Mushers must stop for 24 hours before they get off the Yukon River in Kaltag, roughly 630 miles into the race.  Many have a rough plan for where they will stop, but Gatt hadn’t yet decided by McGrath, 300 miles in.

Schwing: “Are you going to 24 in Takotna?”

Burmeister: “ I don’t know yet.”

Takotna is the next stop.  It can get busy as teams pile in for a long rest.  Some will stop up the line in Ophir.  That will be a new move for Paul Gebhardt, who says he is looking for a change of pace after 16 previous Iditarods.

“I’ve never done this before, so I thought I just try and push it a little bit farther up the trail,” he said.

Paul Gebhardt. Photo by Josh Edge, APRN – Anchorage.

Gebhardt wants to break his runs up differently. After Takotna, the run between Ophir and Cripple is one of the longest, so a well-rested team will likely fare better. He says where he takes his 24 hour rest really isn’t up to him.

“It doesn’t depend on if I get sleep between now and then or not. That doesn’t matter,” Gebhardt said. “It’s all about what the dog team looks like.”

But others are determined to follow their plans to a tee.

An energetic dog team literally dragged two-time champ Robert Sorlie through McGrath, their tails wagging as they flew by.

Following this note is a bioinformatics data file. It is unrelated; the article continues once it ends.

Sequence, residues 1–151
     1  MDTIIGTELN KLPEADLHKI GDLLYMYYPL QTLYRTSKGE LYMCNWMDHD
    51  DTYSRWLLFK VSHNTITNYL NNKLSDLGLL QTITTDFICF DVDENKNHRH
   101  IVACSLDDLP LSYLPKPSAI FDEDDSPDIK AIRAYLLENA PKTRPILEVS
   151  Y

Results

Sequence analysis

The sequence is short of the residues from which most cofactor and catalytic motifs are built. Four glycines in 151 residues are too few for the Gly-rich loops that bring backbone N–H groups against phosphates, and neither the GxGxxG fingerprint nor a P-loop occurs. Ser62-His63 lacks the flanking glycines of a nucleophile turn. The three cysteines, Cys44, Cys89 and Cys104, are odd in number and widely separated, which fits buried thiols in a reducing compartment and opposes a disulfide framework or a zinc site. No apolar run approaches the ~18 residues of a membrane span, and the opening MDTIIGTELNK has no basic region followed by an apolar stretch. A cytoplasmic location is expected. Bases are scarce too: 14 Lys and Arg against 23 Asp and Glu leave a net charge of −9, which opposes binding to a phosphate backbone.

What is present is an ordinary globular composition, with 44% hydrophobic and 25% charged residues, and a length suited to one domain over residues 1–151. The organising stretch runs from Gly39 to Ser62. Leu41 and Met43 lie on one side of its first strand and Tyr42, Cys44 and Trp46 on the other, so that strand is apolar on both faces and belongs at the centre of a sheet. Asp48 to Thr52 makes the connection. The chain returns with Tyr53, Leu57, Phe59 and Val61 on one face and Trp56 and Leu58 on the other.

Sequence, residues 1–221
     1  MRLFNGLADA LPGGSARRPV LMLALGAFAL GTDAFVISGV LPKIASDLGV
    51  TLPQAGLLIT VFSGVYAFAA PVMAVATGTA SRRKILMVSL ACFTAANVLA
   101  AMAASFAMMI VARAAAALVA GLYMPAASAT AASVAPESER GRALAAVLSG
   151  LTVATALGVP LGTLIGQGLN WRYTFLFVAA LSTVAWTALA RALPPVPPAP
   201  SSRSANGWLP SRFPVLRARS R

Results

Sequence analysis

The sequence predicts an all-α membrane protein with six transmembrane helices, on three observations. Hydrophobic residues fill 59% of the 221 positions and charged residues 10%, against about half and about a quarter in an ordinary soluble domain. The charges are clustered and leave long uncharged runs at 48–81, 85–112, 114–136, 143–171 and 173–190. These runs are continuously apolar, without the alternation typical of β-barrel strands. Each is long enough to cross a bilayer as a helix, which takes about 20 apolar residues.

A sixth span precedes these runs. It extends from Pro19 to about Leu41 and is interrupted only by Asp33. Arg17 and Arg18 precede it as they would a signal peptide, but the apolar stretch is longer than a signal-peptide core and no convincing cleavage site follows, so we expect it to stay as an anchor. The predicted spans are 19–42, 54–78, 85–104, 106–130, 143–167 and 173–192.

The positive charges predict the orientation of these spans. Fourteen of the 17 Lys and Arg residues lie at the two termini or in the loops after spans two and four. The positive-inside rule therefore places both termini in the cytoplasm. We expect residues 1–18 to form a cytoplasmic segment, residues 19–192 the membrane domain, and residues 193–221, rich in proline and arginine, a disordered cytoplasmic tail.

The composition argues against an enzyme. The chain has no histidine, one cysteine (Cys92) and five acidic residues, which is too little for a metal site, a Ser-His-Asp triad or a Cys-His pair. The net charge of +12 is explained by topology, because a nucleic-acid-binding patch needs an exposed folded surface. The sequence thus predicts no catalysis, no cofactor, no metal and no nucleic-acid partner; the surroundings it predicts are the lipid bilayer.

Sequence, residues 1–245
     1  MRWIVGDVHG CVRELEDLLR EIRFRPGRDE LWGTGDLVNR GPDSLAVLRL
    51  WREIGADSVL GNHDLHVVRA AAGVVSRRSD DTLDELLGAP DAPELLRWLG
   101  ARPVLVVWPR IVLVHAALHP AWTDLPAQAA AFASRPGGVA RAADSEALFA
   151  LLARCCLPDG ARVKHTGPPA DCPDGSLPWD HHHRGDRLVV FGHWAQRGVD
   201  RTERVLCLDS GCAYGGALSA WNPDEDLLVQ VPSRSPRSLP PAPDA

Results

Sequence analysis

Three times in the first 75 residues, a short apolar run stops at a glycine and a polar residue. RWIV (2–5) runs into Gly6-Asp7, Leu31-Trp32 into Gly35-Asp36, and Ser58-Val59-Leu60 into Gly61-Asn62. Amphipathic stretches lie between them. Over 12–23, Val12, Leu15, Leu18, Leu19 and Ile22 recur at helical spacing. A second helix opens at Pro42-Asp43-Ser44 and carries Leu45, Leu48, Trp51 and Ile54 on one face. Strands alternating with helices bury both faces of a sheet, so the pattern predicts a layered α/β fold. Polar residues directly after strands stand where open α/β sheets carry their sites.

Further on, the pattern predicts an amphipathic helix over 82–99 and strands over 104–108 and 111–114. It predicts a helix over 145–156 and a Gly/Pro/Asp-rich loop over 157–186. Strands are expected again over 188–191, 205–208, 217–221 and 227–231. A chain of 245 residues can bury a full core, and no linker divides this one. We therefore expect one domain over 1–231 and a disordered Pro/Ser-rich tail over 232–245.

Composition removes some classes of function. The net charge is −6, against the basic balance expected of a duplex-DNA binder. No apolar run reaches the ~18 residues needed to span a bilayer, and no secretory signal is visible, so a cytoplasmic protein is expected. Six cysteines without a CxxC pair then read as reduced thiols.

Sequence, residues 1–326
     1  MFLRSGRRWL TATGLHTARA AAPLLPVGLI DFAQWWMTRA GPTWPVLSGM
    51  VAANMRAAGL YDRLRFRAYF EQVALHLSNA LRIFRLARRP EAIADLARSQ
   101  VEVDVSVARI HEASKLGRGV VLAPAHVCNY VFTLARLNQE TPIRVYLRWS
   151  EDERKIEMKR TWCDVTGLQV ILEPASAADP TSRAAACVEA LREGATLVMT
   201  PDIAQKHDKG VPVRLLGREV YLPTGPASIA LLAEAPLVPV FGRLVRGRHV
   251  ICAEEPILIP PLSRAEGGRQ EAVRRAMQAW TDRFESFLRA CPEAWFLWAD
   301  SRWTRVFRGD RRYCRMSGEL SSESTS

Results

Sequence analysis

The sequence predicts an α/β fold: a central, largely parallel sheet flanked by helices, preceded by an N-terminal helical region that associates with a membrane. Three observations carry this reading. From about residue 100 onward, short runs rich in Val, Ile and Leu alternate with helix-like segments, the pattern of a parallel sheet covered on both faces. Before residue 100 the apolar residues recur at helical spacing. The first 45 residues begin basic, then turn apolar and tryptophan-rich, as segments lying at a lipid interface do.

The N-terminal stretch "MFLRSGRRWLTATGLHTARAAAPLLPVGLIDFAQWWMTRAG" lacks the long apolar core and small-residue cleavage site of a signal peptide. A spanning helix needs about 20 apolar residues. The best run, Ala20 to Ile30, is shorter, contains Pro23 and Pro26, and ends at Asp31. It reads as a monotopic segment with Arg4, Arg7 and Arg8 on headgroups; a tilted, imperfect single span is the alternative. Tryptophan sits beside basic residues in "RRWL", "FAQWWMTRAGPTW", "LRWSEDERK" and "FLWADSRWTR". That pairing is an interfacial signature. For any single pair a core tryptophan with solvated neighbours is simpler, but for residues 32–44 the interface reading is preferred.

“I’m on schedule,” he said.

Mitch Seavey’s dogs weren’t nearly as boisterous, but they were certainly alert as he took off for parts beyond.

Schwing: “Have you had to adjust your plan at all?”

Seavey: “Nope.  Same as I wrote it down.”

The next stretch of trail through the Interior will provide a bit of a respite from the rough-going route as teams drop on to the Kuskokwim and cover some river miles into Takotna.

Categories: Alaska News

Snow in McGrath Offers Relief for Battered Iditarod Mushers

Wed, 2014-03-05 12:17

Jeff King waves to fans as he leaves Willow at the beginning of the 42nd Iditarod. Photo by Josh Edge, APRN – Anchorage.

The Iditarod trail continued to claim victims through Tuesday. Reports of everything from broken ankles to broken hands came filtering back from Rohn and Nikolai. 

It will take a combination of resilience and persistence for mushers to keep moving down the trail.

Before mushers ever left Willow, four-time champion Jeff King predicted more than a few teams would never make it past Nikolai.

“There will be some race ending circumstances for some of the teams early in the race,” he said.

Aliy Zirkle heads out of Willow at the start of the 2014 Iditarod. Photo by Josh Edge, APRN – Anchorage.

King was correct. Reports from Rohn include stories of a broken hand, a broken ankle, and numerous tales of broken and battered sleds.  But none of that has stopped Aliy Zirkle.

“It will take a little bit, it will take a broken limb for me to get out of this race, which I can’t, I won’t say won’t happen,” Zirkle said.

Her team seemed nearly unscathed as they passed quickly through McGrath.  In fact they really didn’t want to stop at all.  They pulled hard as Zirkle put her full weight on the sled brake.  They let her stay only long enough to sign out of the check point.